“Voice of the Chinese Dream” judges (from left) Wang Wei-chung, Coco Lee, Han Hong and Huang Xiaoming
(Shanghaidaily, Jul 08, 2013) The first edition of “Chinese Idol” – the Chinese version of “American Idol” – gets high ratings but is criticized for being too sentimental, tearful – and even dishonest. Xu Wei reports on the “localization.”
Another reality TV show has fallen victim to the sins of many reality shows in China – sensationalism, sentimentality and tears.
This time it’s the first edition of “Chinese Idol” – recently renamed “Voice of the Chinese Dream” – the Chinese version of “American Idol” that has been airing since April on Dragon TV.
The format has been so “localized” and tweaked to appeal to popular tastes that it has generated controversy for focusing too much on contestants’ sob stories, hard-luck tales and inspirational struggles.
So important has the supposedly heartwarming “story” behind the contestant become that some biographies have been hyped and distorted. Internet users have been quick to point out inconsistencies and what they call lies.
Still, it’s very popular. The show airing at 10pm on Sundays in Shanghai is the top-rated show in its time slot. Nationally it’s second only to Jiangsu Satellite TV’s controversial – and critics say tacky – dating show “If You Are the One.”
Because China’s new President Xi Jinqping has called for the nation to realize the “Chinese Dream,” the show’s producers changed the name to “Voice of the Chinese Dream” (“Zhongguo Meng Zhi Sheng” ?D1ú????éù)
The Chinese version retains the original format’s four-member jury panel, audience voting and a tough test for vocals in the early elimination rounds – singing without instrumental accompaniment.
But there are quite a few changes, notably a lot more sensational parts of the show – narration of contestants’ personal stories, tears when they are forced to leave the stage, and surprise guest performers with powerful stories that move the audience to tears.
Director Wang Leiqing says “the goal is to make a heartwarming and inspirational series about people’s never-ending efforts to pursue their dreams – rather than a simple singing contest.”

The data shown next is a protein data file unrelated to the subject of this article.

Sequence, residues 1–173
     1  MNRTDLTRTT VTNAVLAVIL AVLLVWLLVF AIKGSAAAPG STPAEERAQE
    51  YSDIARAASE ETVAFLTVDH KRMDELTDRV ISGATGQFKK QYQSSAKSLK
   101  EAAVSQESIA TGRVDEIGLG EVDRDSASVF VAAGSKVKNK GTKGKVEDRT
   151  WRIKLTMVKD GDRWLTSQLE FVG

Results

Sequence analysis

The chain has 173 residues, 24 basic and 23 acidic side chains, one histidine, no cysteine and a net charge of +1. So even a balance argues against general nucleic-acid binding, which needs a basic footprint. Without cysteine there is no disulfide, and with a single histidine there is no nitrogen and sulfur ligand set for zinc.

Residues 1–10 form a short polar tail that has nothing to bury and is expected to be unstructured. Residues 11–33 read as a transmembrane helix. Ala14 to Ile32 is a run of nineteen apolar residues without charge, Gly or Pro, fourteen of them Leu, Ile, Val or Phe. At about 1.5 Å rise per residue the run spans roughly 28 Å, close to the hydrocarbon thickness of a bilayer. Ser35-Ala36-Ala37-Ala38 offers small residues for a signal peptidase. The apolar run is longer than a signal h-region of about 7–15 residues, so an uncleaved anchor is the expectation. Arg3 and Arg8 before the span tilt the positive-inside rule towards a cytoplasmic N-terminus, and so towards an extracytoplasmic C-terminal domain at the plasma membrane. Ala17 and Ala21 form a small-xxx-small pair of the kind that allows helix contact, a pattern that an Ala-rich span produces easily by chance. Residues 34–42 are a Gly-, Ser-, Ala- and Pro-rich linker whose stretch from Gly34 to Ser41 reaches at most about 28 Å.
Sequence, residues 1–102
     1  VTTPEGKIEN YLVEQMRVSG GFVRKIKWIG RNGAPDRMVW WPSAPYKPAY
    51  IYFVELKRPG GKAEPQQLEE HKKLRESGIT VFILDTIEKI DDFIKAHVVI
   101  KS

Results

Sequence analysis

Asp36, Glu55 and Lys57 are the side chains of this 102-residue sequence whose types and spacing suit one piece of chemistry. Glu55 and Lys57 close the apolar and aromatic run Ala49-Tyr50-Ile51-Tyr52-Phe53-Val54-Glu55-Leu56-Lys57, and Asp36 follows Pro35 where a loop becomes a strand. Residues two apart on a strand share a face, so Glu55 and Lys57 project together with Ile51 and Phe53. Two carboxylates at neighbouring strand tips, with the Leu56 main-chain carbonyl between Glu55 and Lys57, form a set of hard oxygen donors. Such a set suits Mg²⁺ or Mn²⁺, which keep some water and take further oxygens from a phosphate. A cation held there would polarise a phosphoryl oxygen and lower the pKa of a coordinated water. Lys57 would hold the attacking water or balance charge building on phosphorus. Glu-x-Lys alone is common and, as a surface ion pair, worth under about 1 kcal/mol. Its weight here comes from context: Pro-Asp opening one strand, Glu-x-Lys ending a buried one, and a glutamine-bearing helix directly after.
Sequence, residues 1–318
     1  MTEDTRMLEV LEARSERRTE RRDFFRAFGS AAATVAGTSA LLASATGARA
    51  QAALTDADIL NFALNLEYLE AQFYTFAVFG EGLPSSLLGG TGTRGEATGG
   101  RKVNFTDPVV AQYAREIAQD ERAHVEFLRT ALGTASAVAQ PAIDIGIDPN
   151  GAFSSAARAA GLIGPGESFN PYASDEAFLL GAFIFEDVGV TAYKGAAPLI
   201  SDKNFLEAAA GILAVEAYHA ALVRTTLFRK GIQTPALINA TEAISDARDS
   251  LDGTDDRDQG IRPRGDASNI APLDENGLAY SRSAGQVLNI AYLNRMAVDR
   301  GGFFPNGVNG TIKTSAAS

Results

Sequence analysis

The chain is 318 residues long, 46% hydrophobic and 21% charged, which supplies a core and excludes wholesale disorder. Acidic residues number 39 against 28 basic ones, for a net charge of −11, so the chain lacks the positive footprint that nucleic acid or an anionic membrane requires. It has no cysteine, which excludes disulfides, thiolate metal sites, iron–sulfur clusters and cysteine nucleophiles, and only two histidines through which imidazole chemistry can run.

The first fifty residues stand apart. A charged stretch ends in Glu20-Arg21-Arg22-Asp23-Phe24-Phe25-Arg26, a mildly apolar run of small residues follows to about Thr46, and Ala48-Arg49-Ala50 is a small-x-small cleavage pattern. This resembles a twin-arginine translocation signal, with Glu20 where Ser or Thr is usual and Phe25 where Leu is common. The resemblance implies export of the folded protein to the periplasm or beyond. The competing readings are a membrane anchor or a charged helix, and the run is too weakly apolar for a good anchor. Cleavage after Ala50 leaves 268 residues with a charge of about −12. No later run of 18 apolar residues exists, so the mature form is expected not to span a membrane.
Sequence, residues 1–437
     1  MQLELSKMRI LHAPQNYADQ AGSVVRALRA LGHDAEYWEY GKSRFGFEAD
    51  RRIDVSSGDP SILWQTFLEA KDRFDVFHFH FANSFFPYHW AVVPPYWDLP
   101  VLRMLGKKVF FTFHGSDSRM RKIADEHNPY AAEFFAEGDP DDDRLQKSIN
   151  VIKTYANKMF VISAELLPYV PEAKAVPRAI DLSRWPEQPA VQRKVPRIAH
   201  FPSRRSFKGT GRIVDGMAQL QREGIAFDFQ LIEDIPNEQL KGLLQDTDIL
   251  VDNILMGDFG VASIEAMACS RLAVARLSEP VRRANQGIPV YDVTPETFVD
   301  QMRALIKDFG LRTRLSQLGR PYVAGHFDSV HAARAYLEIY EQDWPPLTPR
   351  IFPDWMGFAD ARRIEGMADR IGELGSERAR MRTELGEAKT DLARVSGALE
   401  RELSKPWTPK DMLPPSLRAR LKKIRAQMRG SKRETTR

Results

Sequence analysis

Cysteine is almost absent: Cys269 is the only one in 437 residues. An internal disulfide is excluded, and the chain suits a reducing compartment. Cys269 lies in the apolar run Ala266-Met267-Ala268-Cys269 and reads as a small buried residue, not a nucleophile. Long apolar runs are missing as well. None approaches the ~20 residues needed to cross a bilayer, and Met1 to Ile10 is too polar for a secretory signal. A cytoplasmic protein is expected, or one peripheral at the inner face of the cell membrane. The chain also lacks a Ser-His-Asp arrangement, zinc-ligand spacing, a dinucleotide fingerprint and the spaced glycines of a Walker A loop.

Shanghai college student Elena Zhang is a fan who says it’s acceptable to inject some emotional personal stories but it shouldn’t be overdone.
“The taste of Chinese audience differs from Western tastes,” Zhang says. “Chinese are more likely to be concerned about a performer’s story than their performance or stunt. But overuse of stories to catch public attention is a bad idea and can be a turn-off.”
She cites the example of 16-year-old contestant Michelle Lu, who has been called a “liar” by some Internet users who researched her online.
Lu told the audience that she comes from a poor divorced family and that she bought all her clothes second-hand from street vendors, paying no more than 50 yuan (US$8.14) for the very outfit she was wearing on stage.
Some Internet users researched her background and said on their Sina weibo microblogs that the story can’t be true, that the girl is too mature for her age and her singing is too sophisticated. They said her mother was spotted carrying an expensive Burberry handbag.
In the latest episode last Sunday, Lu burst into tears in the face of doubts and questioning from both the audience online and judges.
“The words of netizens do hurt,” she said. “I promise I never lied.”
Professor Wu Gang, a media expert from East China Normal University, says personal stories are hyped to get more attention for the show.
“American Idol” never delves into contestants’ personal stories and tries to sensationalize them, he says, adding that the show is well-received and credible.